We had a very hard frost on Wednesday night, cold enough to completely freeze the basin and canal. Of course, this had to be the night I chose to let the stove go out so I could give it a good clearing out. We woke up at 7 o’clock, with ice on the inside of the windows and Meg trying to cuddle down between us.I got up, hit the start button for the central heating, and had the stove cleaned out and relit in record time.
Last night I had a walk around, and the clear air gave an opportunity for a good shot of the Clock Warehouse
Cold morning at Stourport Basin.
A cup of coffee, and then Meg and I set off for our morning constitutional. We headed off down river, then turned north and up onto Hartlebury Common. This is a SSSI, consisting of upland heath, on sand deposited when the area was under water. It rises to 184 feet above sea level.
Cutting and bridge
I always think it’s quite ironic that the railways, which in no small way were responsible for the demise of the canals, have in a lot of cases closed, and have been completely lost or converted to cycleways and footpaths. Meanwhile the canals get busier and busier…
Dancing on Ice, duck style.
Adam of NB Debdale left a comment on yesterday’s post suggesting I go and see John and Kathy on NB Marmaduke, across the other side of the basin. I’m glad I took him up on it, we met a very pleasant couple. They came and joined us for a couple of hours last night, and we shared a bottle of wine and boating experiences. They had some trouble getting their boat finished; read all about it on their blog.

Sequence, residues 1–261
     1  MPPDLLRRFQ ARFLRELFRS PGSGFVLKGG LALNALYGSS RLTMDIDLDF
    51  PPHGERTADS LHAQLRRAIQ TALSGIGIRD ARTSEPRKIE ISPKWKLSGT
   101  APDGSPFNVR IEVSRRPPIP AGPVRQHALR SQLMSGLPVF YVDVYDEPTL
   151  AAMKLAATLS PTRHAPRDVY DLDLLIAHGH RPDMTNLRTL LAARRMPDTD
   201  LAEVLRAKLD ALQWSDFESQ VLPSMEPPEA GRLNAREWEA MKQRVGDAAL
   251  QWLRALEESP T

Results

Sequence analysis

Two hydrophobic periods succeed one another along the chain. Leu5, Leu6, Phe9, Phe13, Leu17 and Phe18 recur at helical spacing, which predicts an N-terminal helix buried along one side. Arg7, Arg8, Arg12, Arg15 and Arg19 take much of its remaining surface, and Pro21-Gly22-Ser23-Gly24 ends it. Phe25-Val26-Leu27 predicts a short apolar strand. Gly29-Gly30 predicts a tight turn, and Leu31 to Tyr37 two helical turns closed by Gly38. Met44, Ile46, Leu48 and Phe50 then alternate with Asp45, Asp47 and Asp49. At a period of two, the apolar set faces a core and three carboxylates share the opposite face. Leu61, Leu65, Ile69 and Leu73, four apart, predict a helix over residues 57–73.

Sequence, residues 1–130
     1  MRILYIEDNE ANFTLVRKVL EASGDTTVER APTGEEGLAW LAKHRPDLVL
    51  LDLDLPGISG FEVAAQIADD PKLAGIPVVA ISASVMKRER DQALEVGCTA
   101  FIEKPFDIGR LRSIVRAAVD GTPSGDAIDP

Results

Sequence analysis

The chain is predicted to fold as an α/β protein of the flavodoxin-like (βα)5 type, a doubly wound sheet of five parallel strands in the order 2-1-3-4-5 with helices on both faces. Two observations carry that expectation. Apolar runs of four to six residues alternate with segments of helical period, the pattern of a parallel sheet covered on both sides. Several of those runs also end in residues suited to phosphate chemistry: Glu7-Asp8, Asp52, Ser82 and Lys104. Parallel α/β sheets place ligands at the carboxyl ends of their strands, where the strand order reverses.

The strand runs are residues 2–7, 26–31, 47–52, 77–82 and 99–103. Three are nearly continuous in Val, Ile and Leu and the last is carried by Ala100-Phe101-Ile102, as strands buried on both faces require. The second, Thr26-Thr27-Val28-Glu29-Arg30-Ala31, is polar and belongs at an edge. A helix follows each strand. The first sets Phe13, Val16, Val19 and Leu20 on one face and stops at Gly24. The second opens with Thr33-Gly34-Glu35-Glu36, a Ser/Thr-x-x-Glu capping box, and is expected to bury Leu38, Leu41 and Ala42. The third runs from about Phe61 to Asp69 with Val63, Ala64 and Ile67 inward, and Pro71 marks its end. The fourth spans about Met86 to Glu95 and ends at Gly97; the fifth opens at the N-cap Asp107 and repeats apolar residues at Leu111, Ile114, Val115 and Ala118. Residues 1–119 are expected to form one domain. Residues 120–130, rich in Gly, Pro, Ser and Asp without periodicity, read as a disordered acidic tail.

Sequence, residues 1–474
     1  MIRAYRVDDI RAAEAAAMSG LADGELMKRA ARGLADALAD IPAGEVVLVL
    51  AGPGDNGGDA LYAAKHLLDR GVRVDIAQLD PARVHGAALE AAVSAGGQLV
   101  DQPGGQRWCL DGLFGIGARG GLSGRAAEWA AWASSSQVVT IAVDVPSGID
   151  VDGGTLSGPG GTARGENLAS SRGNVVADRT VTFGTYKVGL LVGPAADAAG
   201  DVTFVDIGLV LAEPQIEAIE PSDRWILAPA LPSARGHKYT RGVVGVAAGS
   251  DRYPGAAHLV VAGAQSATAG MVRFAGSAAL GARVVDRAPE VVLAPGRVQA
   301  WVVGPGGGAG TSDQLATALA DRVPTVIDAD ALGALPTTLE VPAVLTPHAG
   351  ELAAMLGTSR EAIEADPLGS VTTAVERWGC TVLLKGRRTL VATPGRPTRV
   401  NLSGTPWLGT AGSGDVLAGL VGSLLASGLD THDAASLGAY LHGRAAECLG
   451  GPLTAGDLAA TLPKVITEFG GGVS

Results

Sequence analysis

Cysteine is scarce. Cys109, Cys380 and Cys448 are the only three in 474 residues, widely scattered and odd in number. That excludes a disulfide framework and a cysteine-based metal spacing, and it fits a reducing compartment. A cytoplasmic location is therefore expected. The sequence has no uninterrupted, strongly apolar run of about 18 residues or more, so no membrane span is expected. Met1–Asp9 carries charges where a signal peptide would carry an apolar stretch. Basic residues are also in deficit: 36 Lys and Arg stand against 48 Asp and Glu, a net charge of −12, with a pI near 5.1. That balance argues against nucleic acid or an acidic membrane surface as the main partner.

The weather warmed up considerably later in the day, bringing in some showers, but this morning was dry and bright again.
I had a walk up into the town to post some mail and visit the butcher recommended by John. Wow! I was like a kid in a candy store. I had to restrain myself, but still finished up with 2 different kinds of special recipe sausages, some Black Country faggots, and a lump of topside for Sunday dinner.
A couple of cakes from a baker on the way back, and my life was complete!
The town is very pleasant. Good shops, friendly people. There are no less than 4 butchers!
We untied and reversed back to the SS for water and disposals, then did a U turn and went back up York Street Lock
Back to the lock.
The chamber was empty, just as we’d left it a couple of days ago. No-one else has been up or down since us.
Paul on NB Free Spirit was on the 5 day moorings above the lock. This is his last day, and he was waiting for the owner to arrive to take the boat back. I think he’s a little sad; he’ll miss the lifestyle he’s grown accustomed to over the last 7 weeks. We have another convert to canal life, methinks….
We swapped phone numbers, and promised to keep in touch.
The rest of the trip was uneventful, up the 3 locks through Kidderminster, and then Wolverley Court Lock, to moor just above. I set to, cutting some of the logs into rings for splitting, but didn’t do much before my chain saw blade dulled. It was too dark to continue after I dressed the cutters, so I’ll do some more tomorrow.
It’s been a grand day, warm in the sunny spells, noticeably cooler when the sun slipped behind clouds. But it is only February, after all! And Friday the 13th, to boot!